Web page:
So that’s how I look at it now, professional athletes or amateur athletes for that matter, always have a little niggle here or there. You’re never going to be 100 per cent. It is what function or activity that they are going to get into, is it going to exacerbate the issue? If that’s the case then we have to see what the risk factors of that would be and if it’s going to hamper their career in the future.
A good physiotherapist once told me err on the side of caution.
So we do that… but in sports we still have to be a little more aggressive because we need players to be able to push through.
What advice would you give in terms of injury prevention?
Preparation is key. I think that if you are not prepared for anything you do in life you will not come through successfully. Same thing with athletes and playing if you are not prepared… and here we are talking about appropriate strength and conditioning, which includes flexibility, endurance and power the gambit of stuff. If you are not prepared you are likely to improve your risk of injury.
There are myriad intrinsic and extrinsic factors, intrinsic referring to things inside the body and extrinsic meaning the playing surfaces, footwear and other things like that. So we have to be prepared with everything… the wrong footwear means you are not prepared.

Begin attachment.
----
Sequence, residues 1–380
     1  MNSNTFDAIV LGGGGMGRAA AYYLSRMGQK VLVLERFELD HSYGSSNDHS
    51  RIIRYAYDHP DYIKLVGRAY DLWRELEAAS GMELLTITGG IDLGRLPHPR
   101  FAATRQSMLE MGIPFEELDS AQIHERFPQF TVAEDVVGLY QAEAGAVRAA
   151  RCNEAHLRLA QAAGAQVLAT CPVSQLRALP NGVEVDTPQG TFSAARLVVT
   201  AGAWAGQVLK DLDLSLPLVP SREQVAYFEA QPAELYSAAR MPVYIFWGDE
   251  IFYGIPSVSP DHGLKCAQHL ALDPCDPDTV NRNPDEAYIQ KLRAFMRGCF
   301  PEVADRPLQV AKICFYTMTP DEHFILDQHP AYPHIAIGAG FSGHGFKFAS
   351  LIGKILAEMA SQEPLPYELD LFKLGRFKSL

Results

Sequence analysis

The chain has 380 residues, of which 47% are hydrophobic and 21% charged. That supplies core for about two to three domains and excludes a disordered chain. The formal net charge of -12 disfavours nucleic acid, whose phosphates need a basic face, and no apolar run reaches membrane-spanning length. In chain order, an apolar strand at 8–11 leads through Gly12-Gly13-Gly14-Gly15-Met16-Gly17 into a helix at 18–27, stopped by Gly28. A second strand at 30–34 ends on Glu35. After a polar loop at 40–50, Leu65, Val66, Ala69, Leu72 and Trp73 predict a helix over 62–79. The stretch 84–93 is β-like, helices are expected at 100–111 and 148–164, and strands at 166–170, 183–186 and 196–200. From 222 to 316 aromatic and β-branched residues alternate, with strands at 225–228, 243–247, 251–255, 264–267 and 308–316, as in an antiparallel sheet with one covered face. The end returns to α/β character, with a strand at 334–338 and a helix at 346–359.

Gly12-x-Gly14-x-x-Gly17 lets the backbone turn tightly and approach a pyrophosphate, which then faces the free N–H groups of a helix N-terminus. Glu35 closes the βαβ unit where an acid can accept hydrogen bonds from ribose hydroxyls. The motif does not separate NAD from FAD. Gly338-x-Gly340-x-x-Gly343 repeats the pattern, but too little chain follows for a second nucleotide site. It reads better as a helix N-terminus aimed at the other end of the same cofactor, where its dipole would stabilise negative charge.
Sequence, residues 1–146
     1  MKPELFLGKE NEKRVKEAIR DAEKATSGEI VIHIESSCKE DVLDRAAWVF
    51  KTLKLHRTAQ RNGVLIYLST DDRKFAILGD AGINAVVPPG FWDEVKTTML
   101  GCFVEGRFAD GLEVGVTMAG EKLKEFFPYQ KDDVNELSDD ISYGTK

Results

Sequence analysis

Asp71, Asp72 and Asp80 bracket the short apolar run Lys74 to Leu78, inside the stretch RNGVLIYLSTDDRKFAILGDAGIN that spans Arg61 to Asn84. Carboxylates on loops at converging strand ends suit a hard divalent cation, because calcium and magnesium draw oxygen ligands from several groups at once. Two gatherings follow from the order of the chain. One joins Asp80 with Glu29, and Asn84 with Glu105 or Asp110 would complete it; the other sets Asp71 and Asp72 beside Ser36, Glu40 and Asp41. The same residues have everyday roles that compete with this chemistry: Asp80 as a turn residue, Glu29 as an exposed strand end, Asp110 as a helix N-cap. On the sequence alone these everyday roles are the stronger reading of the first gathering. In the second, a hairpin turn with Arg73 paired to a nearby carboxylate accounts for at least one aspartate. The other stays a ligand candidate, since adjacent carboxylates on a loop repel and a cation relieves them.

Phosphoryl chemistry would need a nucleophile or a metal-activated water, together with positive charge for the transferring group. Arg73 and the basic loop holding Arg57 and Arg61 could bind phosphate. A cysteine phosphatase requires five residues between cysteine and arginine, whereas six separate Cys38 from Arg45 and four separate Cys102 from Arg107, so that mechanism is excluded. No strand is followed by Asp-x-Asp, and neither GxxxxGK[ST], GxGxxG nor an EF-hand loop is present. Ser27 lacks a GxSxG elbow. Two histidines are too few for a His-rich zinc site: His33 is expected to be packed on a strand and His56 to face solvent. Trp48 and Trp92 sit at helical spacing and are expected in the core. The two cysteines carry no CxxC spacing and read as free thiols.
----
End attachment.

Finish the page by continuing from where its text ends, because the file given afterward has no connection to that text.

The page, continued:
Recall one of the most difficult situations you would have had to deal with over the years.
There are some things you are not quite sure… because you don’t have MRI hands or X-ray eyes. So sometimes a patient may suggest that he has a hurt finger, but you’re not really sure, so you do your thing and if you think there is mobility you may want to get them back on the park.
But I think there may have been one or two times I have come across fractures which I didn’t anticipate to be a fracture. So that’s when that good physio rings in my head all the time to err on the side of caution. If you are not sure get an X-ray.
Injuries come from little ankle strains to massive hamstring tears to complete ruptures of biceps, etcetera… the worst thing that we are dealing with these days are head injuries because those can be life threatening.